Way back on Jan 23, @AspiringLuddite wrote a toot about manuscript fragments used in bindings of early print books. Here's another example: this one of an Irish translation (probably via Latin) of an Arabic work:
So, not only the coolness of finding an old manuscript, but also an example of how much knowledge travelled across the world. "All cultures were isolated from each other" Nope.
<< During a talk at SXSW, an audience member asked Ocasio-Cortez about the threat of automated labor. “We should not be haunted by the specter of being automated out of work,” she said in response. “We should be excited by that. But the reason we’re not excited by it is because we live in a society where if you don’t have a job, you are left to die. And that is, at its core, our problem.” >>
I've launched a roleplaying game Patreon, to develop and publish my Dynamic Balances game engine and game worlds for it. The starting world is early medieval, low magic, neopagan, with queer content built in from the inception. #rpg #patreon #games #gaming #ttrpg
Strange Doings in Norfolk (not really) - http://www.aspiringluddite.com/UK/0043.shtml
A Norse themed Tarot deck designed and drawn by #sca member Ian Raven of Tadcaster.
Another forgotten beast has just appeared, Ubbul Gakittithleth, "A gigantic blob composed of snow."
Oddly, it is swimming in the lava about 130 z-levels below the top of the volcana with either melting or catching fire.
The fire raged on but was isolated to the level with the field. One elk bird and our only trained giant cave spider perished, the rest of the livestock fled, and now that the fire has burned out, the dwarfs are returning the animals to their field, where new cave moss and floor funugs have already begun to sprout.
Udil Likotorrun (Inkroars) the Scholar is one badass Dabbling Bowdwarf. When Adur Fevilceshfot, the forgotten beast, a giant, fire-breathing hairy mantis with a trunk showed up, Udil was the first of the militia to arrive in the field where Adur was beginning to terrorize the flock of elk birds. With two arrows (I think it was two, it might have been three), our hero dropped the beast where it stood amidst the flames, much to the relief of her husband and children (we assume) #dwarffortress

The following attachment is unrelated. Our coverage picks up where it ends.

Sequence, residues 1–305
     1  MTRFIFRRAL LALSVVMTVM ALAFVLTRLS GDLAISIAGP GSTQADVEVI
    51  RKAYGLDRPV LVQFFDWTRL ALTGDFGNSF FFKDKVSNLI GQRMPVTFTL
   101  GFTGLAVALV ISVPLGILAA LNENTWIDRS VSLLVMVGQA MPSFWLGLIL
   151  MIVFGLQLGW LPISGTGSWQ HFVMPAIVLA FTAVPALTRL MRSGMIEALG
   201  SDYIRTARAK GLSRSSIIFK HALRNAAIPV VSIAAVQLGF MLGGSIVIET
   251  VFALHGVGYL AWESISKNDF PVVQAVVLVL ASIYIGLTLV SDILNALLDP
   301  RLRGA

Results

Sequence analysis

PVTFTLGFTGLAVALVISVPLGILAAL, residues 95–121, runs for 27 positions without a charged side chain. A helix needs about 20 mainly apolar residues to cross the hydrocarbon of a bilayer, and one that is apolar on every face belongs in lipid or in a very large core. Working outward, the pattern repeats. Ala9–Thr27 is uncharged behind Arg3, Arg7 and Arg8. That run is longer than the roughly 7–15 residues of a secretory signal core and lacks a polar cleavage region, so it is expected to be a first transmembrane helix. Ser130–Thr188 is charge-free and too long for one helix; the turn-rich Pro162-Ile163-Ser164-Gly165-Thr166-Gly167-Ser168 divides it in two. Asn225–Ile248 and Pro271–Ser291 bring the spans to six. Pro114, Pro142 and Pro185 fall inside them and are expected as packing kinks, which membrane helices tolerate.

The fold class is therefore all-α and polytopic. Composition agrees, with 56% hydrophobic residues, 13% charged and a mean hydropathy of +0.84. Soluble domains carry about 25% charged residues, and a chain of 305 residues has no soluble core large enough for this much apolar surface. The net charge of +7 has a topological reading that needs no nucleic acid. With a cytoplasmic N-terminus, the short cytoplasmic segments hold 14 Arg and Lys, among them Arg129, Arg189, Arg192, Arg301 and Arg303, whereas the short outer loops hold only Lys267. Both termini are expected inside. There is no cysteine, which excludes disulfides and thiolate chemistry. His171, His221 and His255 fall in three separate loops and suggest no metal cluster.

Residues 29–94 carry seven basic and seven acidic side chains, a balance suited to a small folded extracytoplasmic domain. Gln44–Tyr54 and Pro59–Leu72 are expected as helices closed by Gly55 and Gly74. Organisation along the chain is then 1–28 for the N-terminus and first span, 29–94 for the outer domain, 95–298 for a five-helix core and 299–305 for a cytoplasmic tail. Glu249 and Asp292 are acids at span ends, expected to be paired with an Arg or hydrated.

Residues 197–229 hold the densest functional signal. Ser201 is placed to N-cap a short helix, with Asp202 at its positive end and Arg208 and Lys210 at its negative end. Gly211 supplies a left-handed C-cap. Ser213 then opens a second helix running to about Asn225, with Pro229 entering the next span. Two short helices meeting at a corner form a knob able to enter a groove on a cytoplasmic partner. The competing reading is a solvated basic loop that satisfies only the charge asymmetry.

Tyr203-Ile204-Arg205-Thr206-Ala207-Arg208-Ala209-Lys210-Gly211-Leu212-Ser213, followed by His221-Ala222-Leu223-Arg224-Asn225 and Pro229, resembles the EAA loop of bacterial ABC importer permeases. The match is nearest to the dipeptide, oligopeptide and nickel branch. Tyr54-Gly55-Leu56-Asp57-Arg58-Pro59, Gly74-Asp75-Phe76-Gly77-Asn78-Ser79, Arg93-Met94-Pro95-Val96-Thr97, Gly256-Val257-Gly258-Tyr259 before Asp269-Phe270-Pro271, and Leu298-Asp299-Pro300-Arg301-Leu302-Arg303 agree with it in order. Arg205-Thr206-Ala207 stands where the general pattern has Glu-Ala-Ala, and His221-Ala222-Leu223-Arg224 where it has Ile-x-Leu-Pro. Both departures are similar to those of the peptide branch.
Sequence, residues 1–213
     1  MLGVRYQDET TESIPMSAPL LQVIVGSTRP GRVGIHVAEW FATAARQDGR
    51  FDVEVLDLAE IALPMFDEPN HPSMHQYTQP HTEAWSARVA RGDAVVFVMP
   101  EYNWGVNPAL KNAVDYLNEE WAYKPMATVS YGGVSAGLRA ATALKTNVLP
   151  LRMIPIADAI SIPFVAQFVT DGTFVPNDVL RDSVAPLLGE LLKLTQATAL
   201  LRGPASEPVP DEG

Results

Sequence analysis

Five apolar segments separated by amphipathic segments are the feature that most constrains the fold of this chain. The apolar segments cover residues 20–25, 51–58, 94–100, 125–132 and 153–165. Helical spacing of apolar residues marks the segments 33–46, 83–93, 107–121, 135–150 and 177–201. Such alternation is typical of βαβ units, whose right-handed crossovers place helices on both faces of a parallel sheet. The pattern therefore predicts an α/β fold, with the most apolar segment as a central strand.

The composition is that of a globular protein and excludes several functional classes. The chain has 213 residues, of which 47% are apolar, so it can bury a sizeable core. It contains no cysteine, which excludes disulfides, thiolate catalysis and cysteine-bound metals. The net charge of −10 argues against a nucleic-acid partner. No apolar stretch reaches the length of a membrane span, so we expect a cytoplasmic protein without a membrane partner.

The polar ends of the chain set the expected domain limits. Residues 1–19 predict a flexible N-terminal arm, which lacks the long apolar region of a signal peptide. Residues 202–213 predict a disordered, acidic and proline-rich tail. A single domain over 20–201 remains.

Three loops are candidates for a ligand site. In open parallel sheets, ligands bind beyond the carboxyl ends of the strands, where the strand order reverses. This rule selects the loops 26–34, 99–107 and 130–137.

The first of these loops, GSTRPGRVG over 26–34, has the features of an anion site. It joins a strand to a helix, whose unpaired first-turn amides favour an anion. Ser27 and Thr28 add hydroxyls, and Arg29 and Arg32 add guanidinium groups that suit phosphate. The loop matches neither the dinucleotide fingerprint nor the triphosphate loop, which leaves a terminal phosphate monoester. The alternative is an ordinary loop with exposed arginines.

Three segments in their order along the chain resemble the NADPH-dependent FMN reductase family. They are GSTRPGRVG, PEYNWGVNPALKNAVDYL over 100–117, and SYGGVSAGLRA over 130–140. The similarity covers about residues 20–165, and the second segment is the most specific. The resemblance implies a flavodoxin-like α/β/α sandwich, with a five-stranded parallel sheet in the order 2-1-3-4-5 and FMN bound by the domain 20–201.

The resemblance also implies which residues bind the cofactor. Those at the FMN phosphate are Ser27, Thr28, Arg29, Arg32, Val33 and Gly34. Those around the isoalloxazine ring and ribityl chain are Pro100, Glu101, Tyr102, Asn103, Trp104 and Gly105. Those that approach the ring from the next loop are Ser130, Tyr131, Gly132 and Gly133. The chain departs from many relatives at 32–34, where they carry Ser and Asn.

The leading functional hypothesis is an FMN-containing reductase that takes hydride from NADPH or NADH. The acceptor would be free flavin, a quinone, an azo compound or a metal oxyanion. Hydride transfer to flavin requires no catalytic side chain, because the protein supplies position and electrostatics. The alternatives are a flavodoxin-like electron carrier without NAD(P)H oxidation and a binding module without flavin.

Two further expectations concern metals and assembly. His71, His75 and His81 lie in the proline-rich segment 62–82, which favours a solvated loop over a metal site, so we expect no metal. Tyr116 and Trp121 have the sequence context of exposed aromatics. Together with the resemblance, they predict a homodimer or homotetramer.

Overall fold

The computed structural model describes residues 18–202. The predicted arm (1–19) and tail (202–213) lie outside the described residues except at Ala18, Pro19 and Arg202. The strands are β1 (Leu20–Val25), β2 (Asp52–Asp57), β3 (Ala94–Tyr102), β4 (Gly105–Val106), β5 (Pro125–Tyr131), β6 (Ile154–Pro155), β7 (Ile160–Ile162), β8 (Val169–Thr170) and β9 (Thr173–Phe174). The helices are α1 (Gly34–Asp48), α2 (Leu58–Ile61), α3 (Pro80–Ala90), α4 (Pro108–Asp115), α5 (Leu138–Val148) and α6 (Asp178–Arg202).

National Geo ran an article about that, too; aimed at a less academic readership: https://news.nationalgeographic.com/2017/09/viking-warrior-woman-archaeology-spd/
It includes a quite impressive photo of Viking/Slav reenactors in Wolin, Poland.
In middle school I once brought a very large onion with a flamboyant green top to class and asked my teacher to plant it in the school garden. My teacher asked "why" and I told her my mom bought it a while ago to cook. Then it sprouted.The sprout just grew bigger and bigger. Until finally my mom couldn't bear to chop it up "because it was trying so hard". My teacher looked at me and was like "okay that's weird" but she planted it and it was the only onion in the garden. #smallStories
Oh, here's just a few more women combatants from history. "Few" as in dozens. ;-)
Actor/writer/musician/UNIX guru/cook/medievalist and more. http://www.aspiringluddite.com
Medievalists and Medieval-adjacent. Sort-of.